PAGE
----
Like many who work in ITSM, I am of course aware of the need for, and the importance of Continual Service Improvement throughout the Service Management Lifecycle.
But what does it entail in real terms, and not just what I read on the ITIL course/in the books?
I came along to the itSMF CSI SIG, held in London to find out.
CSI in a nutshell
The purpose of CSI is to constantly look at ways of improving service, process and cost effectiveness.
It is simply not enough to drop in an ITSM tool to “fix” business issues, (of course backed up with reasonable processes) and then walk away thinking: “Job well done.”
Business needs and IT services constantly evolve and change and CSI supports the lifecycle and is iterative – the review and analysis process should be a continual focus.
CSI is often aspired to, and has been talked about in initial workshops, but all too often gets swallowed up in the push to configure and push out a tool, tweak and force in processes and all too often gets relegated to almost “nice to have” status.
A common question one sees in Linked in Groups is:
“Why do ITIL Implementations fail?”
A lack of commitment to CSI is often the reason, and this session looked to try and identify why that might be.
I have never been to a SIG before, and it was very clear from the outset that we were not going to be talked at, nor would we quite be doing the speed-dating networking element from my last regional venture.
SIG chair Jane Humphries started us off by introducing the concept of a wall with inhibitors. The idea was that we would each write down two or three things on post-it notes for use in the “Speakers Corner” segment later in the day.
What I liked about this, though, was that Jane has used this approach before, showing us a wall-graphic with inhibitors captured and written on little bricks, to be tackled and knocked down in projects.
Simple but powerful, and worth remembering for workshops, and it is always worth seeing what people in the community do in practice.
Advocates, Assassins, Cynics and Supporters
The majority of the sessions focussed on the characteristics of these types of potential stakeholders – how to recognise them, how to work with them, and how to prioritise project elements accordingly.
The first two breakout sessions split the room into four groups, to discuss these roles and the types of people we probably all have had to deal with in projects.
There was, of course, the predictable amusement around the characteristics of Cynics – they have been there and seen it all before, as indeed a lot of us had, around the room.
But what surprised me was a common factor in terms of managing these characteristics: What’s in it for me? (WIIFM)
Even for Supporters and Advocates, who are typically your champions, there is a delicate balancing act to stop them from going over to the “dark side” and seeing become cynics, or worse assassins to your initiative.
The exercises which looked at the characteristics, and how to work with them proved to be the easiest.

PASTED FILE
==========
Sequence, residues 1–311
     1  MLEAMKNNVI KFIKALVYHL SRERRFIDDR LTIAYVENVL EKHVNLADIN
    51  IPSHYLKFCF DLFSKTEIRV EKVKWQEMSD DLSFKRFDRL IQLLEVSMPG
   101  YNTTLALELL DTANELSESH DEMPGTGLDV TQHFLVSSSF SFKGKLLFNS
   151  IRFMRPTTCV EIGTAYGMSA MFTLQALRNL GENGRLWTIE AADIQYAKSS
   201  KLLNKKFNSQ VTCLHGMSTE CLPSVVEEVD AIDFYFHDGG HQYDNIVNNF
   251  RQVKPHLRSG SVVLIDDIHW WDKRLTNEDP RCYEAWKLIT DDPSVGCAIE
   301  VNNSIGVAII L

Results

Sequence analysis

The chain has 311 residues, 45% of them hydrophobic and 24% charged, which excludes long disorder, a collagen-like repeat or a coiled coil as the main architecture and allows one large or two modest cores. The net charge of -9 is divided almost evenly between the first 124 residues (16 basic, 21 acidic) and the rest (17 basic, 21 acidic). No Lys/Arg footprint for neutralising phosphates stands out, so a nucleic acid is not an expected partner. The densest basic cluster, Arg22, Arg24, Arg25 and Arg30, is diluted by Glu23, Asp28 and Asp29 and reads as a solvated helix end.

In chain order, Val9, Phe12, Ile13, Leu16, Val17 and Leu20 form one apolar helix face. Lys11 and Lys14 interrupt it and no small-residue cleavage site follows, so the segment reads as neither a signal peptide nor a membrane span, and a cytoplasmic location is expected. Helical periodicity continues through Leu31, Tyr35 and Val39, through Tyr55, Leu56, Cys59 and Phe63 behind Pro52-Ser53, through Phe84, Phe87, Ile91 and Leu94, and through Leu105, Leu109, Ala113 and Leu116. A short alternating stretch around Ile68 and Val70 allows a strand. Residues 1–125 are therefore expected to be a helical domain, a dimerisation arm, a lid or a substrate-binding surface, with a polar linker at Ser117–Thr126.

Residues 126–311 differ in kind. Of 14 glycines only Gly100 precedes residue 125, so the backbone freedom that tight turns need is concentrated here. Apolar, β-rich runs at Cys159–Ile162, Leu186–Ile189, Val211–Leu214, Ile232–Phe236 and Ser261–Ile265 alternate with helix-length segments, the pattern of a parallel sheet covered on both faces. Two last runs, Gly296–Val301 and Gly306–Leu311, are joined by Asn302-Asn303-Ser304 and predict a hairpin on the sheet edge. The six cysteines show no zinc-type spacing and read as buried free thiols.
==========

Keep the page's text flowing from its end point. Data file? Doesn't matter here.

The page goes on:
Areas to improve
What didn’t work so well was a prioritisation and point-scoring exercise which just seemed to confuse everyone.
For our group we struggled to understand if the aim was to deliver quick wins for lower gains, or go for more complex outcomes with more complex stakeholder management.
Things made a little more sense when we were guided along in the resulting wash-up session.
The final element to the day was a take on the concept of “Speakers’ Corner” – the idea being that two or three of the Post-It inhibitors would be discussed. The room was re-arranged with a single chair in the middle and whoever had written the chosen topic would start the debate.
To add to the debate, a new speaker would have to take the chair in the centre.
While starting the debate topics were not an issue, the hopping in and out of the chairs proved to be hard to maintain, but the facilitators were happy to be flexible and let people add to the debate from where they sat.
Does Interactive work?
Yes and no.
I imagined that most people would come along and attend a Special Interest Group because they are just that – Interested!
But participating in group sessions and possibly presenting to the room at large may not be to everyone’s liking.
I have to admit, I find presenting daunting enough in projects where I am established. So to have to act as scribe, and then bite the bullet and present to a huge room of people is not a comfortable experience for me, even after twenty years in the industry.
But you get out of these sessions what you put in, so I took my turn to scribe and present. And given the difficulties we had, as a group, understanding the objectives of the third breakout session, I was pleased I had my turn.
The irony is Continual Service Improvement needs people to challenge and constantly manage expectations and characters in order to be successful. It is not a discipline that lends itself to shy retiring wallflowers.
If people are going to spend a day away from work to attend a SIG, then I think it makes sense for them to try and get as much out of it as they can.
Perhaps my message to the more shy members in the room who hardly contributed at all is to remember that everyone is there to help each other learn from collective experience. No-one is there to judge or to act as an Assassin/Cynic so make the most of the event and participate.
For example, in Speakers’ Corner, the debate flowed and people engaged with each other, even if the chair hopping didn’t quite work, but acknowledgement also needs to go to the SIG team, who facilitated the day’s activities very well.
I have attended three events now, a UK event, a Regional Seminar and a SIG and this was by far the most enjoyable and informative so far.
A side note: Am I the only one that hears CSI and thinks of crime labs doing imaginative things to solve murders in Las Vegas, Miami, and New York? No? Just me then.